Media Scoundrels Pillory Chavez Before He's Buried
by Stephen Lendman
They lie for power.
His passing made no difference. Media scoundrels don't quit. They spent 14 years vilifying him. They did it unfairly. They haven't stopped.
They're called scoundrels for good reason. They violate fundamental journalistic ethics. They lie for power. They turn truth on its head.
They substitute managed news misinformation. They support wealth, power, privilege and dominance. They're in bed with wrong over right.
They spurn rule of law principles and democratic values. They're well paid to do so. They betray readers and viewers. They do so unconscionably. They don't give a damn, and it shows.
Why anyone follows them they'll have to explain. Tune them out. Ignore their publications. Choose reliable alternative sources.
Get informed. Stay that way. Why settle for manipulated rubbish. Real news, information and analysis is readily available. Use it daily. Know what matters most.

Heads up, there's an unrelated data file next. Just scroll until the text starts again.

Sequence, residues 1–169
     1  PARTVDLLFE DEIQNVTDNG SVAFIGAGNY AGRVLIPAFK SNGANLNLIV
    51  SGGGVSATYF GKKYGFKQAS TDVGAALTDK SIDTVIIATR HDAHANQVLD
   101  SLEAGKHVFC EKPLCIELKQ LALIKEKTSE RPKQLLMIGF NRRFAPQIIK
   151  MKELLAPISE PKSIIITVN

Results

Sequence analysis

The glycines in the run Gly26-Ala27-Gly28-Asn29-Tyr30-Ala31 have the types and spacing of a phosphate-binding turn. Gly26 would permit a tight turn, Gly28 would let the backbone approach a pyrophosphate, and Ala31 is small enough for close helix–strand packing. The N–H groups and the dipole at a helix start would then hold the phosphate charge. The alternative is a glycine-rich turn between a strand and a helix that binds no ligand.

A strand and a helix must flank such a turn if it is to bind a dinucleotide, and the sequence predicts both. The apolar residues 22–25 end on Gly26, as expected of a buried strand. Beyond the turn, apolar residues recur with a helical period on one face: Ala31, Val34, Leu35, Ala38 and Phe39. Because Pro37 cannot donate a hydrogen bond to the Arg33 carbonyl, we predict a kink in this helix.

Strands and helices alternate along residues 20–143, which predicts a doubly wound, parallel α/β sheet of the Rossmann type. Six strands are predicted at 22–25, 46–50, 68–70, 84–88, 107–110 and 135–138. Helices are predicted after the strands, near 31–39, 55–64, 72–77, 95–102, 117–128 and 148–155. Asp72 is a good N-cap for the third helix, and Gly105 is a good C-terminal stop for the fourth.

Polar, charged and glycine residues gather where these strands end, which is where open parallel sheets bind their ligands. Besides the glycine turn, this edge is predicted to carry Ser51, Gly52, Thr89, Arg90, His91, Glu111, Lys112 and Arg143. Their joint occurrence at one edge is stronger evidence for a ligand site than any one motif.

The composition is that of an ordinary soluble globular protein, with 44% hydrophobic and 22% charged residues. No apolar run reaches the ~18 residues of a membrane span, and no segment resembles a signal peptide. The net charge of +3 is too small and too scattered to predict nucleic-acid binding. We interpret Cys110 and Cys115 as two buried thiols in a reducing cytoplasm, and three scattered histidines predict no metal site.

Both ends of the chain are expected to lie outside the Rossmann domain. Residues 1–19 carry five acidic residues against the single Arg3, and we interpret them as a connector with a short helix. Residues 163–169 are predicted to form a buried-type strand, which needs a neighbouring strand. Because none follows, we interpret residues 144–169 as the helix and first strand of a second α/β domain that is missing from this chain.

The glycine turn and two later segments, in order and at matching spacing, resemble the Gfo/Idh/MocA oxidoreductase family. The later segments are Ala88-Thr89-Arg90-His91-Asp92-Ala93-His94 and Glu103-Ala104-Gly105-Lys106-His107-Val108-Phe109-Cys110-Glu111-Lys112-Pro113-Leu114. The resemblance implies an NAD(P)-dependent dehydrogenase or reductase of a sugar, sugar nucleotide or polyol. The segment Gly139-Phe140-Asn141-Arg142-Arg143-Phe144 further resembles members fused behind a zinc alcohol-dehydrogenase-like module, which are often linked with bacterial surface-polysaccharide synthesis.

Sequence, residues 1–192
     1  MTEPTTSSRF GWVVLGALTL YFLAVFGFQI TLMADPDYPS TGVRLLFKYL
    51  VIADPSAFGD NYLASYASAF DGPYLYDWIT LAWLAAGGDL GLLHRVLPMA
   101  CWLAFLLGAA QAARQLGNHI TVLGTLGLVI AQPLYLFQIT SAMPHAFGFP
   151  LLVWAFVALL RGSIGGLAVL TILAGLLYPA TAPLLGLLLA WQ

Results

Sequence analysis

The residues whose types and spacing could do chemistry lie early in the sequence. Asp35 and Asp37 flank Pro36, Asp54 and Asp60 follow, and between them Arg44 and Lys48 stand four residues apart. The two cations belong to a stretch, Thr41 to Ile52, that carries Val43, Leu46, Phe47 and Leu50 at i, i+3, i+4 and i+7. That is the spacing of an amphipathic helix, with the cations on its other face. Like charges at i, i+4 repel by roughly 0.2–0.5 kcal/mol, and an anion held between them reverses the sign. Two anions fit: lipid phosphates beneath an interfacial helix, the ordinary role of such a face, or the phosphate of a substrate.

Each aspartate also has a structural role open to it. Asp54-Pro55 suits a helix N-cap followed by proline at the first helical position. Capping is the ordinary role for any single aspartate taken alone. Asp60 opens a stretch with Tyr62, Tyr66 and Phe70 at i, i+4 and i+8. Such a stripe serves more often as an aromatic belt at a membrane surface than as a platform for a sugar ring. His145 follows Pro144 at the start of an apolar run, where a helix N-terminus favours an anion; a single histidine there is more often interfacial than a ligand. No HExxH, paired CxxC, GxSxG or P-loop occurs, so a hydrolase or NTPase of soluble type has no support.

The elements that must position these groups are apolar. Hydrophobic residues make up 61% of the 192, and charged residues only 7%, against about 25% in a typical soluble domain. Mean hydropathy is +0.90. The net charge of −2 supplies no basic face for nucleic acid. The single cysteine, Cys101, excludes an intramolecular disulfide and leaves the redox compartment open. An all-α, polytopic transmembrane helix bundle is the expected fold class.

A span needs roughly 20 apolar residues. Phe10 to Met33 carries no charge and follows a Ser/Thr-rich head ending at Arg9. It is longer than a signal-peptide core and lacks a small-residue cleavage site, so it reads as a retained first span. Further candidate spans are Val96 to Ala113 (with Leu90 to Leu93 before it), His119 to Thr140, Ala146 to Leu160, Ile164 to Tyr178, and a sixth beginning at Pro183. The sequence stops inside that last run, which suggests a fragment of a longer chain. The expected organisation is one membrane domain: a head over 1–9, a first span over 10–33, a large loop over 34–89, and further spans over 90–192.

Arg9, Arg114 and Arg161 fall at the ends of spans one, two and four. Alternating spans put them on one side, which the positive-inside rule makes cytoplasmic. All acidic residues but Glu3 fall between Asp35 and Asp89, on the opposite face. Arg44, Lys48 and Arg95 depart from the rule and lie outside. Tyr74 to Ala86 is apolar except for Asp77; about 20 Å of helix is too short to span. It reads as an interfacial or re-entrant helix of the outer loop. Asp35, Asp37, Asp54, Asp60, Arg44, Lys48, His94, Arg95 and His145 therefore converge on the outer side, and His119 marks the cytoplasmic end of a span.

On March 5, Chavez passed. An era went with him. Venezuelans owe him much. They won't forget.
He transformed an oligarch-run nation into a model participatory democracy. America's sham one pales by comparison. Venezuelans get the real thing and much more.
They deplore what used to be. They won't tolerate going back. Chavismo lives! Bolivarianism is policy. Venezuelans won't let it die. It's too important to preserve. Not according to media scoundrels.
On March 5, The New York Times claimed Venezuela today is "bitterly divided." It's "in the grip of a political crisis." It grew "more acute" in recent weeks.
Times writer William Neuman lied. He's paid to do so. Venezuelans overwhelmingly support Chavismo. His death changes nothing.
Dallas Morning News editor Sharon Grigs headlined "Chavez's death: Now Venezuela can reclaim its lost democracy." She wouldn't recognize the real thing if it bit her on the rump.
The Washington Post did no better. It called Chavez "polarizing." An "institutional crisis" exists.